Next question was, what is your conversion rate from lead to sale? Again, it’s all about forecasting. Marketing and PPC are all about forecasting and understanding where you want to take your business. This question lets you forecast how many PPC leads you can turn into actual sales. If you know for example, that your conversion rate is, if 10 customers contacted me generally speaking, I’d manage to turn two of them into paying customers.
If that’s the ratio you are looking at, then it gives you a good understanding as to your conversion rates. It’ll tell you how many leads from a PPC point of view you will need to be able to make your campaigns profitable. If your PPC campaign generated 10 leads and you know you’re going to sell two of them, then you know what your maximum cost per lead would need to be.
The next thing is looking at the average value of sale. Now this again, allows you to forecast profitability. Because it puts into a situation where you can actually build out a model where you could say, “Based on the number of leads that have come in and the number of sales I generally make, the average value of sale is a specific amount.” Therefore, you can start working backward and saying, “If I generated 50 leads and I convert at 50% and the average sale value is £20, then you can start working backward from there.” Saying, “If I spent this much more money, then I know I’m going to get these many more sales based on the model I’ve created, based on my average value of sale.”
Again, just to reiterate this point, it sets a maximum cost per lead benchmark for your PPC campaigns. Because you want them to be profitable. You want them to make sure that they generate revenue for your business and not taking away. You don’t want to pay too much for your leads if you know your conversion rate of lead to sale isn’t great or your average sale value doesn’t match up when it comes to generating leads.
Let’s look at a real-time live example of why these metrics matters. Let’s take a look at a business use case. Example Scenario. I’m a plumber fixing boilers or water heaters as they say in America. I currently generate about three leads per day from my current marketing channels. I don’t do PPC yet, but I generate three leads a day from marketing. From those leads, I usually get one new customer from those three that come in per day.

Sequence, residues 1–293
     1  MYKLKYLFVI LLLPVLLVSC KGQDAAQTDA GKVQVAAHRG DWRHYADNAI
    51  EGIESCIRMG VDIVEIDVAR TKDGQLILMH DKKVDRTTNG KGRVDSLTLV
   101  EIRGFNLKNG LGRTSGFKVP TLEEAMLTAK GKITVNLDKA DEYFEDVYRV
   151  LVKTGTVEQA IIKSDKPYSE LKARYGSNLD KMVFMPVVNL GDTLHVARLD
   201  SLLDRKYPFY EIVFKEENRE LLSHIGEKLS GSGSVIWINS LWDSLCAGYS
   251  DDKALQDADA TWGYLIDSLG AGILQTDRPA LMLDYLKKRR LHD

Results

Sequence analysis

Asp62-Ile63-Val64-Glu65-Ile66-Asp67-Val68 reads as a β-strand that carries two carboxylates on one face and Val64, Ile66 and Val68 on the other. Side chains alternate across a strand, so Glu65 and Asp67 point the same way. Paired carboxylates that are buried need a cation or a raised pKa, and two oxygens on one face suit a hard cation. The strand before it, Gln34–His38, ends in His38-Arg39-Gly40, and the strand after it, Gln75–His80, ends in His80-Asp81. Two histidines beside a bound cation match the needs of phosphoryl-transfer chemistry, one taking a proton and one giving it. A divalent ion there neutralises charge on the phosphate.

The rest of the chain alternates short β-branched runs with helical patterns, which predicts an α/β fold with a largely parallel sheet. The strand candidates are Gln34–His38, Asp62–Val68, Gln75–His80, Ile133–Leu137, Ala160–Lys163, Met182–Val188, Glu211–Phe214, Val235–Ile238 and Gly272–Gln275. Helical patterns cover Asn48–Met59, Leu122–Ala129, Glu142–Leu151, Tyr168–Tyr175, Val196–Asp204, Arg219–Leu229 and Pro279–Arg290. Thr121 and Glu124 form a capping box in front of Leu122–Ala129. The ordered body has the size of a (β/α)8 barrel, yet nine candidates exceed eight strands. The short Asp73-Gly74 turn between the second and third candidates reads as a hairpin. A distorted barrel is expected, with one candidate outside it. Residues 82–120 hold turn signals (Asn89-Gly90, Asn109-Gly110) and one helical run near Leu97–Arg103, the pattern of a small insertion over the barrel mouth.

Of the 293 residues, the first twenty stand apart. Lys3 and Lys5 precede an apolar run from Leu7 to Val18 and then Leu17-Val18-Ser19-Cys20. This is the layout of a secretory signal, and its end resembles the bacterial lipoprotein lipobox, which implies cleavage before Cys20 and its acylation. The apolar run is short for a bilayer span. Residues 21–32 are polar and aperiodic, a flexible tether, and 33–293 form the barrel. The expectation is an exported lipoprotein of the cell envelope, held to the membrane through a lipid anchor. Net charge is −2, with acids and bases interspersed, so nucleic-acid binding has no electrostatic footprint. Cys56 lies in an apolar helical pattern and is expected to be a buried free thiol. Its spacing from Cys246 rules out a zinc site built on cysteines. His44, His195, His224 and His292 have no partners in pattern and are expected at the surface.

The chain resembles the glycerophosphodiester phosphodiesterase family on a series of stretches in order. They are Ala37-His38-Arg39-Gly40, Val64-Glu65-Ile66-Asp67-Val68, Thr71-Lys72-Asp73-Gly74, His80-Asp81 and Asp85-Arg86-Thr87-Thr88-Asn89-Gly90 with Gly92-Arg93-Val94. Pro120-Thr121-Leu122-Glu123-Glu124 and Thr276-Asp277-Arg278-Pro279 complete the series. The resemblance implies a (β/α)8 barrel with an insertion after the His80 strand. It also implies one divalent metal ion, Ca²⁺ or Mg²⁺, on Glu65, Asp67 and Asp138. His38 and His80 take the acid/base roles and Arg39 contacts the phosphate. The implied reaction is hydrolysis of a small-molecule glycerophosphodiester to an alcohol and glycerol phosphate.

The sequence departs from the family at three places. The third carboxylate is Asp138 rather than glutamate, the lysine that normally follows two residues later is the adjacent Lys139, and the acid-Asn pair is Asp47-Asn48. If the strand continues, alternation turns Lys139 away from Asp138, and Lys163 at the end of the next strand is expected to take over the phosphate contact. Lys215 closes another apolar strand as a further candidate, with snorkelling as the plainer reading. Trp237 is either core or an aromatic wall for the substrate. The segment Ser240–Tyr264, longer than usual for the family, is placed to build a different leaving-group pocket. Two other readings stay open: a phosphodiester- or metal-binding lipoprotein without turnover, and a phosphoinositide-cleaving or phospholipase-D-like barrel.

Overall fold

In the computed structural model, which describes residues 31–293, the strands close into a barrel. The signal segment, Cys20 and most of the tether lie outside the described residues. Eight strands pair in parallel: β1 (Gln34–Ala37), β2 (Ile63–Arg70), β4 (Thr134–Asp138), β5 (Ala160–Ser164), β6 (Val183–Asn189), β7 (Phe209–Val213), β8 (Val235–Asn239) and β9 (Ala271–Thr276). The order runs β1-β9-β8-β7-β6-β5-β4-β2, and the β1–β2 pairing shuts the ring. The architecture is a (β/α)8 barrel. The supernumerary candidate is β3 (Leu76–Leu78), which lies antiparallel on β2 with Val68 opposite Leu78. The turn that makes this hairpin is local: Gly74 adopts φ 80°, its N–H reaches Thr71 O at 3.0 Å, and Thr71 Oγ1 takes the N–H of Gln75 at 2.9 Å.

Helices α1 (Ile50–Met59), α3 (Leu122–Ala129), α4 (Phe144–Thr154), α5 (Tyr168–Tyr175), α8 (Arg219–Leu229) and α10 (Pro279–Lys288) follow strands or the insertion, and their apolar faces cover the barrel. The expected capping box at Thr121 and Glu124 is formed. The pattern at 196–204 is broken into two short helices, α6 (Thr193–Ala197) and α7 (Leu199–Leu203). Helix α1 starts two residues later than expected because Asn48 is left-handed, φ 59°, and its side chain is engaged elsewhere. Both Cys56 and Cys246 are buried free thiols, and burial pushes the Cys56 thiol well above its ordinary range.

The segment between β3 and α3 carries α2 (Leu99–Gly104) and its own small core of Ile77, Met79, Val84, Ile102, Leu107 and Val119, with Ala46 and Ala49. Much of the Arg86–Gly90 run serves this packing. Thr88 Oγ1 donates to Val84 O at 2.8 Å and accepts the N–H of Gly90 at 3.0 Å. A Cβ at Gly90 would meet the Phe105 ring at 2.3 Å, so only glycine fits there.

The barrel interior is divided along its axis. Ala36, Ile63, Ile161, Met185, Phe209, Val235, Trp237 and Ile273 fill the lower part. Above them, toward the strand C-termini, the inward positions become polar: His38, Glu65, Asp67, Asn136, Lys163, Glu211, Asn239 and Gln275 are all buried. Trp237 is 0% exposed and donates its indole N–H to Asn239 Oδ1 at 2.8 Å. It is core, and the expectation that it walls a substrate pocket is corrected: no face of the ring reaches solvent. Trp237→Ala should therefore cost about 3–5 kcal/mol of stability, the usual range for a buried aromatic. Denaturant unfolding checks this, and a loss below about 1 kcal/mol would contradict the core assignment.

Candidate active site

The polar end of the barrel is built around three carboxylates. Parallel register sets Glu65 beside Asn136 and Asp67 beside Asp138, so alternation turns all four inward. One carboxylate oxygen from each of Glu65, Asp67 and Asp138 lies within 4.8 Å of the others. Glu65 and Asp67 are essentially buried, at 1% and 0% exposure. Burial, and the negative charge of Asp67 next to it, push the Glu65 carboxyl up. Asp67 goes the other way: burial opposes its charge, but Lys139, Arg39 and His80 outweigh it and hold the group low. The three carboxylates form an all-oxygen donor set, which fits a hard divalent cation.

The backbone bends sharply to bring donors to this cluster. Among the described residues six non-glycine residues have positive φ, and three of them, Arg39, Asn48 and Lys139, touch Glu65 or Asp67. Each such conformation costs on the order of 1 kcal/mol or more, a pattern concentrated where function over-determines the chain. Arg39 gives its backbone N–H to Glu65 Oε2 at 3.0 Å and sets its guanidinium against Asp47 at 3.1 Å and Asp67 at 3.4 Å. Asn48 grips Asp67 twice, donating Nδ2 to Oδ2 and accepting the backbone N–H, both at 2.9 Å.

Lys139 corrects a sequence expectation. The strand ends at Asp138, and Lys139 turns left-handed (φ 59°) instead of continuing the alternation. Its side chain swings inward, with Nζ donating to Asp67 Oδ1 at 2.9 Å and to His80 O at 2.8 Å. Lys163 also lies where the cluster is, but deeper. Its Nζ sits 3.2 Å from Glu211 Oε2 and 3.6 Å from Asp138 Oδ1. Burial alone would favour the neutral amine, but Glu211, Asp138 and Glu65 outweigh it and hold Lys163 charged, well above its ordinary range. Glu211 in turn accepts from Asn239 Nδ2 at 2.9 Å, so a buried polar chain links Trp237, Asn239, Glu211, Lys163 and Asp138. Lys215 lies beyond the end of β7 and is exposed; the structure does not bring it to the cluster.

My conversion rate means is one in three. From the three leads that come in, I generate one sale. That’s my conversion rate from lead to sale. My average sale value is £400. Looking at the example of information on this screen, you can start to build a picture of how we could potentially model PPC campaigns. If my average sale value is £400 and my conversion rate is one in three, that means I should never ever pay more than £133 per conversion, because my £400 average sale value divided by my conversion rate of three in one means that my maximum, absolute maximum break-even point for my campaigns is £133.
Now, of course, you don’t want to run a campaign targeting a break-even point. You obviously want to be really profitable and get 100%, 200%, 300% ROI from pay-per-click. This number gives you an indication as the maximum that you can actually pay for your leads. Again, this is the break-even point. If you’re paying more for your leads than £133 based on that example scenario, your campaign is unfortunately unsuccessful.
Again, the campaign will not be profitable if you do that unless you improve your conversion rate. Say, for example, I have a one-in-three conversion rate, then I do pay over £133 per lead, if I started looking at my business operation and looked at my sales team or whatever it might be, I could improve that function so that I convert two in three customers who come in. Then all of a sudden, that £133 cost per conversion max cap isn’t that bad. Because I convert two in three. Therefore, it becomes a lot better for my business.
Again, just to summarize, I can’t summarize this enough in and push this point enough. You have to ask yourself these three questions. I’m going to mention them again because they’re so important. Make sure you do look at these questions before you start PPC. I know it’s quite exciting to say, “I want to jump onto AdWords straightaway and start working on campaigns.” You need to know where you’re going.
How many leads or conversions do you currently generate? What is your conversion rate of lead to sale? What is the average value of sale. Think about this for your business, write it down, get the numbers you need. Because I know how difficult it can be to surface data from your business if you haven’t looked at your business from a data point of view. Definitely look at this and really understand these numbers because they’re going to really set your campaign objectives in the future when you do PPC.